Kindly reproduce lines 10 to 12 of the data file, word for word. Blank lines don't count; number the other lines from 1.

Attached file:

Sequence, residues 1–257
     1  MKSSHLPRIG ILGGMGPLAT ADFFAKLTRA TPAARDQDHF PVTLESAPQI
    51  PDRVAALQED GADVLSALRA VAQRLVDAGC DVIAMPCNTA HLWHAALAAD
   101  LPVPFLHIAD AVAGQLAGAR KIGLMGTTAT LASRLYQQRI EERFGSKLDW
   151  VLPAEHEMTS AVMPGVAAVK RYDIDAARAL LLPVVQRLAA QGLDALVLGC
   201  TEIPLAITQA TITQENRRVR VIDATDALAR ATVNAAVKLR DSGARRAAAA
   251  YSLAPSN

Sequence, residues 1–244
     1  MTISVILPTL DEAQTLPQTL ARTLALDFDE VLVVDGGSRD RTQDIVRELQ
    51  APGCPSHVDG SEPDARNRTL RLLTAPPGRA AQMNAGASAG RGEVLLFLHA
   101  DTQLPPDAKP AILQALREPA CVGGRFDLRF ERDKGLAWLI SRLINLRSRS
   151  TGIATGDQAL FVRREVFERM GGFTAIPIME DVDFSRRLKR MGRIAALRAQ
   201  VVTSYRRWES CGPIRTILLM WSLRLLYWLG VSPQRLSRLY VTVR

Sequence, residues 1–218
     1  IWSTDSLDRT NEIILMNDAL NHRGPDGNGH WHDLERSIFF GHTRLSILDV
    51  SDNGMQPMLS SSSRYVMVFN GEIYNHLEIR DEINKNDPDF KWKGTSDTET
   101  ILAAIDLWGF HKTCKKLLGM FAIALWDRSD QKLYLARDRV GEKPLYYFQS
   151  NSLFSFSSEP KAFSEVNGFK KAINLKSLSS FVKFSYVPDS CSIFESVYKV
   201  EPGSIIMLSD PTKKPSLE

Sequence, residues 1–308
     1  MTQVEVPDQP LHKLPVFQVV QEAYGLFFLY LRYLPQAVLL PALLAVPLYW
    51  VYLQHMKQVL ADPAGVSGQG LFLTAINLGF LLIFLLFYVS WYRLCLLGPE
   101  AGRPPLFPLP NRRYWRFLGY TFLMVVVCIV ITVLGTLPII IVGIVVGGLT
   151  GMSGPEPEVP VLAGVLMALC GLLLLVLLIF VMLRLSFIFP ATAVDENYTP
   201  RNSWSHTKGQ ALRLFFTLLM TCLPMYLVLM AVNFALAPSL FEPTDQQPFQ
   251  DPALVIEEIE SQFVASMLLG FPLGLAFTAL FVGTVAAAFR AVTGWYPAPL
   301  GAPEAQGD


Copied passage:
    51  APGCPSHVDG SEPDARNRTL RLLTAPPGRA AQMNAGASAG RGEVLLFLHA
   101  DTQLPPDAKP AILQALREPA CVGGRFDLRF ERDKGLAWLI SRLINLRSRS
   151  TGIATGDQAL FVRREVFERM GGFTAIPIME DVDFSRRLKR MGRIAALRAQ